Charity slammed for paying trustee £56,000 to act as its CEO

A charity that allowed payments of more than £50,000 to a trustee to double up as its chief executive has been criticised by the regulator.

The Charity Commission has rebuked Moss Side and Hulme Community Development Trust for a raft of financial failures.

This includes paying one of its trustees £56,000 over three years to act in the role as chief executive for the charity over three years.

Under the charity’s governance rules payments of this nature to a trustee are prohibited without the prior approval of the Commission, which said “no such approval had been obtained”. The payments were made to the trustee in the financial years ending August 2013 to 2015.

The Manchester based regeneration charity was investigated by the charity after being part of the Commission’s ‘double defaulters’ class inquiry into charities that failed to file proper accounts on two or more occasions in the last five years.

Other failings at the Trust included the charity only having three serving trustees since 2009, when its governing document says it must have at least four to make valid decisions.

Furthermore, over the last two years it emerged there were only two trustees at the charity after one was removed by the remaining two. The removed trustee “considers they were improperly removed from the register and that they remain a trustee of the charity”, said the regulator.

The trustees were criticised for late filing of the charity’s accounts and were found to have “consistently failed to comply with their duty to ensure the charity is accountable to the public and its benefactors”.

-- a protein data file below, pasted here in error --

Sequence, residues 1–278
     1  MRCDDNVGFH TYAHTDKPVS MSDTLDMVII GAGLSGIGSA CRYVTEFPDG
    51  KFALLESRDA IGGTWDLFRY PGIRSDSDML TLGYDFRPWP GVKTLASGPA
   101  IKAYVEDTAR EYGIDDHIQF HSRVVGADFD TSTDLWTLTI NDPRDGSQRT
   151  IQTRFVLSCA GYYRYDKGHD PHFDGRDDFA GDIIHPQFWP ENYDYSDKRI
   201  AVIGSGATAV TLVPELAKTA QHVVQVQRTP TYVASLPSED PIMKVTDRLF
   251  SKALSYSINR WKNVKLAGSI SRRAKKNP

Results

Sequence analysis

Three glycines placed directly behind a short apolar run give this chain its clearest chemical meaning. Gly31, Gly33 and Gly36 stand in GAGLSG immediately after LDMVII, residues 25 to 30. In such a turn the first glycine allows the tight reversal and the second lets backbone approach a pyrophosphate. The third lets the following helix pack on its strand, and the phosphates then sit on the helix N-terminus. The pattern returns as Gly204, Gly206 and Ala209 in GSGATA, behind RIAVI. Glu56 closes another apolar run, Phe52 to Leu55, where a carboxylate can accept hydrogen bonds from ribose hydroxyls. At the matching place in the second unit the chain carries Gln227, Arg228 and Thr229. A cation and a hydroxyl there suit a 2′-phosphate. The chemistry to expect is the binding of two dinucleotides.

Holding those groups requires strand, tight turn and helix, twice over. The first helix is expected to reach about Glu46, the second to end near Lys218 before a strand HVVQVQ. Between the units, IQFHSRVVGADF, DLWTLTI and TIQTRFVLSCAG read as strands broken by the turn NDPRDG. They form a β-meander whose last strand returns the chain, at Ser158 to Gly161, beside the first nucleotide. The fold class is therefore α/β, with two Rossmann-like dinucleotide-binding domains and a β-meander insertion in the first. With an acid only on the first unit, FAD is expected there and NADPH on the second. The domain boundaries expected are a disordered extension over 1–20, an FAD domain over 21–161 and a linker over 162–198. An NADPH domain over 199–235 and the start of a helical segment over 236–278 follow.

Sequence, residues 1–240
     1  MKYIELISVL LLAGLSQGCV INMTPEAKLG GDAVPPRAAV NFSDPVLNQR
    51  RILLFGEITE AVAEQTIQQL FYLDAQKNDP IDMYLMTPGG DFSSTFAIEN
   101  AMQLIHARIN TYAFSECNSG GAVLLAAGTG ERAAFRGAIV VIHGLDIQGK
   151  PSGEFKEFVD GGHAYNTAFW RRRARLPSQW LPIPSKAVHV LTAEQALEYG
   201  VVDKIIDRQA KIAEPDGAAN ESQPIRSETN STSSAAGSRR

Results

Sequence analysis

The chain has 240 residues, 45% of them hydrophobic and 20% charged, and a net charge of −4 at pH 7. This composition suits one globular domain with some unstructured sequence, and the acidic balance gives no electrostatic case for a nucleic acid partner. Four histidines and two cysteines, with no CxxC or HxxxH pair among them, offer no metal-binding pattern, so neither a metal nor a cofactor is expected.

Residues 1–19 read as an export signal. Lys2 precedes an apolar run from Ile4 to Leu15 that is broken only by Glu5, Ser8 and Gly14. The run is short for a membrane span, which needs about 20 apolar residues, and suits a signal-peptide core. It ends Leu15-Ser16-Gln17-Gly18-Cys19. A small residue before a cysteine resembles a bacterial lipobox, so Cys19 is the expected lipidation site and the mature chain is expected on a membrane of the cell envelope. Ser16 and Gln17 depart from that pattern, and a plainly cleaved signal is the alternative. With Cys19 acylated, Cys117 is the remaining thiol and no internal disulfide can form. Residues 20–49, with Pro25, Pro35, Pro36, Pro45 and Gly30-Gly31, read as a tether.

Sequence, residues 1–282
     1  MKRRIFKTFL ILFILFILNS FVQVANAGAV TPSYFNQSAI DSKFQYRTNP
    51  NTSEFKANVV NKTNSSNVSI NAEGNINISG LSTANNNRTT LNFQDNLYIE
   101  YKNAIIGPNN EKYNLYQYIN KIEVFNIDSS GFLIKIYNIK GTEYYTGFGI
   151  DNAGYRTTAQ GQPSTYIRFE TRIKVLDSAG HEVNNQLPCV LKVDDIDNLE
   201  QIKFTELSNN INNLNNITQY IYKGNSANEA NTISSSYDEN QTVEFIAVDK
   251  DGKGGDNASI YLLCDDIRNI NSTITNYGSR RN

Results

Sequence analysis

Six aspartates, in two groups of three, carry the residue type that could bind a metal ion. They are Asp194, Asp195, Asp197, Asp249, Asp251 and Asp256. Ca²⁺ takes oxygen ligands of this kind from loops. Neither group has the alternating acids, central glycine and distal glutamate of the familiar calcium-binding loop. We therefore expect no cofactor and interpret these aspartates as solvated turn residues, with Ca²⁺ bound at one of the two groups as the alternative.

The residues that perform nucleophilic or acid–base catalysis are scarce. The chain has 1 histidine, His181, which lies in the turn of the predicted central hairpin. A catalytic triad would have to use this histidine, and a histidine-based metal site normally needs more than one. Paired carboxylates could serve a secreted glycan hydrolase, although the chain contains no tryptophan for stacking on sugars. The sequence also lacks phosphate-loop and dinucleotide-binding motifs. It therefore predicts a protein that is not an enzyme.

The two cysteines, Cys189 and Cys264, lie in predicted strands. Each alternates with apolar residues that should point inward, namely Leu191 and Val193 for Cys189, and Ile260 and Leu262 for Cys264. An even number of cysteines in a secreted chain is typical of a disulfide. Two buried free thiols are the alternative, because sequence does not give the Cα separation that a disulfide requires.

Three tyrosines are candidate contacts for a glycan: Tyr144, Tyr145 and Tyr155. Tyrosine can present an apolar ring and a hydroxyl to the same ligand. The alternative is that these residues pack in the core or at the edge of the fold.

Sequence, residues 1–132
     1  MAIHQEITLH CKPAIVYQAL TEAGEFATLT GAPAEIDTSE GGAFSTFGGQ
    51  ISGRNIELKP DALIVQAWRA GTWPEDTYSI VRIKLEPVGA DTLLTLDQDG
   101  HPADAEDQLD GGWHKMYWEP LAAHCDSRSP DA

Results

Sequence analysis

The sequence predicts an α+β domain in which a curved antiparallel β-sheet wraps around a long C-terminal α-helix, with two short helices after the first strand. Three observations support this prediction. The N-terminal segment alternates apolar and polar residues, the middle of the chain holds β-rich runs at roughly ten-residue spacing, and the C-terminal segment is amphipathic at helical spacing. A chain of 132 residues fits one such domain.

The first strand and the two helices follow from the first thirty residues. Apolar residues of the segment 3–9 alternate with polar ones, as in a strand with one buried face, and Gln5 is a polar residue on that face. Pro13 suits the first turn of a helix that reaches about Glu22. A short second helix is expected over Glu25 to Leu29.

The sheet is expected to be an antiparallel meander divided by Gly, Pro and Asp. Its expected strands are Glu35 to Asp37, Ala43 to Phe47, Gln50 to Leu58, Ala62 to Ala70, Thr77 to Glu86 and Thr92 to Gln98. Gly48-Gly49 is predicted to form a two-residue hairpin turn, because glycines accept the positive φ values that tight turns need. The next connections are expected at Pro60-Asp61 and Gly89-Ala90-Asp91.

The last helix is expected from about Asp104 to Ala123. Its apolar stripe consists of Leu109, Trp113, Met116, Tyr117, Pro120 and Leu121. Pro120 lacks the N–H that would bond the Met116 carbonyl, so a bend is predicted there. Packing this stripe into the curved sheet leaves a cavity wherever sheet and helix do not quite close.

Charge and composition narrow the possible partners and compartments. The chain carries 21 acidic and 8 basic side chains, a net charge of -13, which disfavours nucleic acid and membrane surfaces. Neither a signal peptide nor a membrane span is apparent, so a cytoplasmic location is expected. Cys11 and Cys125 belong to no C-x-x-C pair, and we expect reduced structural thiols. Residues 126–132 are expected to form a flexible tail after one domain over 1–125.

The purpose of the charity’s work was also not clear. There were inconsistencies on what the charity’s learning centre did in its annual report. While its annual reports for 2014 to 2018 reference a need to upgrade the centre, its 2015 report describes how it had helped more than 400 people at a cost in excess of £60,000 a year.

The charity has been ordered to recruit new trustees, hold an AGM, review its decision-making processes as well as ensure conflicts of interest are avoided. It has also been asked to ensure there are no further unauthorised payments to trustees.

“The Commission has opened a separate case to monitor the trustees’ compliance with this order and will consider further regulatory action if the trustees fail to complete all the actions required,” said the regulator.

It added regarding the payment of trustees: “The law states that trustees cannot receive any benefit from their charity in return for any service they provide to it or enter into any self-dealing transactions unless they have the legal authority to do so.

“This may come from the charity’s governing document or, if there is no such provision in the governing document, the Commission or the courts.”

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